The Siena Heat Map tracks Siena College mentions in the news all across the country. From November 1 through December 4, there were more than 2,400 Siena mentions coast-to-coast, including...

The story of a "toxic flood" in Oklahoma.

Miami, Oklahoma is criss-crossed with scenic creeks and streams. Unfortunately, much of the bucolic water, like in Tar Creek, contains dangerous levels of lead, zinc, and cadmium caused by old mines that were shut down in the 1960s. When the creek floods, the toxicity of the water poses a major threat to the community.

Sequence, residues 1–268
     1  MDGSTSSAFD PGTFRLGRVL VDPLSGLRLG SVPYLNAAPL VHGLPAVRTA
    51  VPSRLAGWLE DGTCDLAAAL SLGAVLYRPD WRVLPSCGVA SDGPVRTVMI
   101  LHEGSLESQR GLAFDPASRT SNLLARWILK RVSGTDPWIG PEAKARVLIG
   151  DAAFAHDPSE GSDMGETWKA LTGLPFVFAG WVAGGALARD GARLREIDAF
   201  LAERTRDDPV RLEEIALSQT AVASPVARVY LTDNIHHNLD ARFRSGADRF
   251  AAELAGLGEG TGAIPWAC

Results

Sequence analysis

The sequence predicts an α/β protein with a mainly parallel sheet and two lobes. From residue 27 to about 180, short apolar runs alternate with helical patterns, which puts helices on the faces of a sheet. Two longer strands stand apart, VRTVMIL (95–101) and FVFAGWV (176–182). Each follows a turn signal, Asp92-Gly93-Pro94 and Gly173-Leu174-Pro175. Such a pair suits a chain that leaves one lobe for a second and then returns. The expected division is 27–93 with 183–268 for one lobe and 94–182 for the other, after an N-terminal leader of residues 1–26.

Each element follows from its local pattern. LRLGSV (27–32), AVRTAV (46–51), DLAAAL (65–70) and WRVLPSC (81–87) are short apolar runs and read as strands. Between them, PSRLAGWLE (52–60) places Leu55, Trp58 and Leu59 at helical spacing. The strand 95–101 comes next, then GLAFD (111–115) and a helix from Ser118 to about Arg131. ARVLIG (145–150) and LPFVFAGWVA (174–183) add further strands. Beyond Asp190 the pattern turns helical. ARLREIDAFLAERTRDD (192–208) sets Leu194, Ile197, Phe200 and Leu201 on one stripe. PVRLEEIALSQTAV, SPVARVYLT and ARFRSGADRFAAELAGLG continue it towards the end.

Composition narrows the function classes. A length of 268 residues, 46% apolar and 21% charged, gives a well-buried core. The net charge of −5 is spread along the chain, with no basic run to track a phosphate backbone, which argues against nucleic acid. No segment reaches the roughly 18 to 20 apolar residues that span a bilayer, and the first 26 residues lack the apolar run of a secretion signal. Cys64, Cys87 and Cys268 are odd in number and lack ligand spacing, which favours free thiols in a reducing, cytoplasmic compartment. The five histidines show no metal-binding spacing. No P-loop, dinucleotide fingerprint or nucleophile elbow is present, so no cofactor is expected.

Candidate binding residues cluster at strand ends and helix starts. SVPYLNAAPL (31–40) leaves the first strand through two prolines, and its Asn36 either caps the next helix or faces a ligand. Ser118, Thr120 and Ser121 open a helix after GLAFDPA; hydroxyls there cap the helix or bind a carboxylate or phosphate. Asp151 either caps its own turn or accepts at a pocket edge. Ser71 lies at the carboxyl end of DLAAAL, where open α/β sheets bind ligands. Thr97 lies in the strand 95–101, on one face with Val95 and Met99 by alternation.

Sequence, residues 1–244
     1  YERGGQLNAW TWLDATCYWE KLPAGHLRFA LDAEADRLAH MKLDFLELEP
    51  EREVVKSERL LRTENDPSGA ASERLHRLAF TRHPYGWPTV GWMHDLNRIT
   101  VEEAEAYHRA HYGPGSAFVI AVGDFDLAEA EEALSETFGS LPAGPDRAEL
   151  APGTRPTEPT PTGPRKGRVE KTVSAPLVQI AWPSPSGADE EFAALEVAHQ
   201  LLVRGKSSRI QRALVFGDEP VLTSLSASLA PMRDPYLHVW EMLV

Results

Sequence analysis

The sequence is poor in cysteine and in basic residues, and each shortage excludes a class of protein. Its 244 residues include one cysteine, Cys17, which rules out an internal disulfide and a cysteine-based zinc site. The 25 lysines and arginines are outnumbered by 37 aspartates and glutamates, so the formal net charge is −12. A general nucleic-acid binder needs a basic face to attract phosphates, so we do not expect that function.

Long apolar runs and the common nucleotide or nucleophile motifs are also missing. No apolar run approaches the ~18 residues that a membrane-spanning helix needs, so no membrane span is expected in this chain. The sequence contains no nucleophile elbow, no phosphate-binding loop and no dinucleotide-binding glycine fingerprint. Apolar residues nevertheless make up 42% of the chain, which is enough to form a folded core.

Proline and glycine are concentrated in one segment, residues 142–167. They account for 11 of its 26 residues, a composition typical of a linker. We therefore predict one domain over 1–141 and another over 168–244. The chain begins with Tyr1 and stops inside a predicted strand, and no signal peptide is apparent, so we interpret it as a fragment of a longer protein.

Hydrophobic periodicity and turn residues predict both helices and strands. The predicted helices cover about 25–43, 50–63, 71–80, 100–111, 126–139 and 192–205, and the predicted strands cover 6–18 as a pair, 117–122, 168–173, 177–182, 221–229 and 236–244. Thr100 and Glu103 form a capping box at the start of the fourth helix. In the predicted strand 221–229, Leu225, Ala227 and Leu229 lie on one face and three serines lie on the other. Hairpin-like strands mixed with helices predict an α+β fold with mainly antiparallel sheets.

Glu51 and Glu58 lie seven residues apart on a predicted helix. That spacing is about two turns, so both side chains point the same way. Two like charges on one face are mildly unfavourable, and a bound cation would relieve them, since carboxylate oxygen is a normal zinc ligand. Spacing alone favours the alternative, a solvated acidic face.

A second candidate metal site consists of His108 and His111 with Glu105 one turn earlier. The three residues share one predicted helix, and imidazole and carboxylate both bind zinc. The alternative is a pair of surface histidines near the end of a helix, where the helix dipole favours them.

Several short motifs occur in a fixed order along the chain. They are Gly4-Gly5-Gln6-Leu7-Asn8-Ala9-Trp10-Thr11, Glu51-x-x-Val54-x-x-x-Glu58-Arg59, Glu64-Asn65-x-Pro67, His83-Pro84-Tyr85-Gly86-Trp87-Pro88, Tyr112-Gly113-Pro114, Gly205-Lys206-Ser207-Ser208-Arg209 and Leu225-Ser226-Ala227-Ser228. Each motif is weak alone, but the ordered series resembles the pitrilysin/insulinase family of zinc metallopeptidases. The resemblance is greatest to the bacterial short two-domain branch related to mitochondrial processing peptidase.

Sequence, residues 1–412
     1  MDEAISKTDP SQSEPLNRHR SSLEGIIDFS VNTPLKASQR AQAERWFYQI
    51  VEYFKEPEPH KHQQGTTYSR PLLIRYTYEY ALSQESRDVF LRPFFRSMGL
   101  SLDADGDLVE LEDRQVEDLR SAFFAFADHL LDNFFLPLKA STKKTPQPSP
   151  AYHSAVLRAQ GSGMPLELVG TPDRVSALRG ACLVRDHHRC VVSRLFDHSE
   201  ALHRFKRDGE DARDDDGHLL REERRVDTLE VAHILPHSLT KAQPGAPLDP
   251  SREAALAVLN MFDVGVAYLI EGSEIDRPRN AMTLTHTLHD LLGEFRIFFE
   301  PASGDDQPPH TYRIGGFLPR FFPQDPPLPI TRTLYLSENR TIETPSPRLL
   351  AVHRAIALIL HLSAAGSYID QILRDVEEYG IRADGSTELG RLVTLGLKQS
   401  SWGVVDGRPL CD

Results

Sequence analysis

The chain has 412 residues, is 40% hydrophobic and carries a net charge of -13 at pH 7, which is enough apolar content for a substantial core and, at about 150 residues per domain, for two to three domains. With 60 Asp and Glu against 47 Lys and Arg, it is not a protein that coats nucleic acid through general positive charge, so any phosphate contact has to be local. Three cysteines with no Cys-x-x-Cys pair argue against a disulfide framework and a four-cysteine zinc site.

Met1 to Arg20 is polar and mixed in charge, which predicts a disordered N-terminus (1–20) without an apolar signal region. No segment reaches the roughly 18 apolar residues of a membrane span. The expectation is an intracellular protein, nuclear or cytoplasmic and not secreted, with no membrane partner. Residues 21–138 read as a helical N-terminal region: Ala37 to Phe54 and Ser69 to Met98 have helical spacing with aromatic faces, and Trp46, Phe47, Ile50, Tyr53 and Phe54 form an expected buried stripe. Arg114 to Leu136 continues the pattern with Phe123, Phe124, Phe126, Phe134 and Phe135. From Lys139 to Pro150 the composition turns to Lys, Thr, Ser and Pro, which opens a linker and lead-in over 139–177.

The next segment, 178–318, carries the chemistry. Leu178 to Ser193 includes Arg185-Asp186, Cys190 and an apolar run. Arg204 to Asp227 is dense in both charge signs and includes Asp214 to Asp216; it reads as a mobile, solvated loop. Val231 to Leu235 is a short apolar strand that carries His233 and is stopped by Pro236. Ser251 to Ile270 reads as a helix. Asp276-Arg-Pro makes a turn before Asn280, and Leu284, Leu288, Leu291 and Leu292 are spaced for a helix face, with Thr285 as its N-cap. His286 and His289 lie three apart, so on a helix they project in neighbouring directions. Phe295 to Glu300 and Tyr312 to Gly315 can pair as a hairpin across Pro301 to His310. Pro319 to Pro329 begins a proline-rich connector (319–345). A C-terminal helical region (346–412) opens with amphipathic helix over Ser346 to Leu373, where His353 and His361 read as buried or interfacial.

LEAD Agency and Thriving Earth Exchange are organizations that are working together to build a map that will predict harm. Kate Meierdiercks, Ph.D., associate professor of environmental studies and sciences is assisting with the map, and she spoke to NPR affiliate KOSU in Oklahoma.

“The only questions we can answer are the ones that we have data to answer.” 

Meierdiercks and her team have been working to evolve the map adding new data and land ownership. She hopes to hand it over to a local person who can oversee the data and adapt the tool for the future.


“I'm a big proponent of the kind of handing it over so that the community can have more behind-the-scenes access to it and change it as community needs change.”